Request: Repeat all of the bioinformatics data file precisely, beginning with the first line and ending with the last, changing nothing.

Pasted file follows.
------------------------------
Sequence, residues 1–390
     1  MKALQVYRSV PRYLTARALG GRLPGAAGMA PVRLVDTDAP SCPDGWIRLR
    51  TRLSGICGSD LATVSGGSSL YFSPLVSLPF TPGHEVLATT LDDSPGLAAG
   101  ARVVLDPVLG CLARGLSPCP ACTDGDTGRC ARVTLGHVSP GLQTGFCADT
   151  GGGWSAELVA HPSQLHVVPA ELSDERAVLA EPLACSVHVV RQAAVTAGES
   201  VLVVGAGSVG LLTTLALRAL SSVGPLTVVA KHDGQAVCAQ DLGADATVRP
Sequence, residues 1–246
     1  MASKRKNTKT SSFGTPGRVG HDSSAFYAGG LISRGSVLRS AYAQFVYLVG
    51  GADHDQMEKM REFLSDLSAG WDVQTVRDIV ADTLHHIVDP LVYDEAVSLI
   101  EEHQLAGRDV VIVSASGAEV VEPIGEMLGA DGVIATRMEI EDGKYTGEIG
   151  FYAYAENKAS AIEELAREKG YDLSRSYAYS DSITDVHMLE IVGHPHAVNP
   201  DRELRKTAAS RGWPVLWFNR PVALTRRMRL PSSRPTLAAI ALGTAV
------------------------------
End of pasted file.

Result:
Sequence, residues 1–390
     1  MKALQVYRSV PRYLTARALG GRLPGAAGMA PVRLVDTDAP SCPDGWIRLR
    51  TRLSGICGSD LATVSGGSSL YFSPLVSLPF TPGHEVLATT LDDSPGLAAG
   101  ARVVLDPVLG CLARGLSPCP ACTDGDTGRC ARVTLGHVSP GLQTGFCADT
   151  GGGWSAELVA HPSQLHVVPA ELSDERAVLA EPLACSVHVV RQAAVTAGES
   201  VLVVGAGSVG LLTTLALRAL SSVGPLTVVA KHDGQAVCAQ DLGADATVRP
Sequence, residues 1–246
     1  MASKRKNTKT SSFGTPGRVG HDSSAFYAGG LISRGSVLRS AYAQFVYLVG
    51  GADHDQMEKM REFLSDLSAG WDVQTVRDIV ADTLHHIVDP LVYDEAVSLI
   101  EEHQLAGRDV VIVSASGAEV VEPIGEMLGA DGVIATRMEI EDGKYTGEIG
   151  FYAYAENKAS AIEELAREKG YDLSRSYAYS DSITDVHMLE IVGHPHAVNP
   201  DRELRKTAAS RGWPVLWFNR PVALTRRMRL PSSRPTLAAI ALGTAV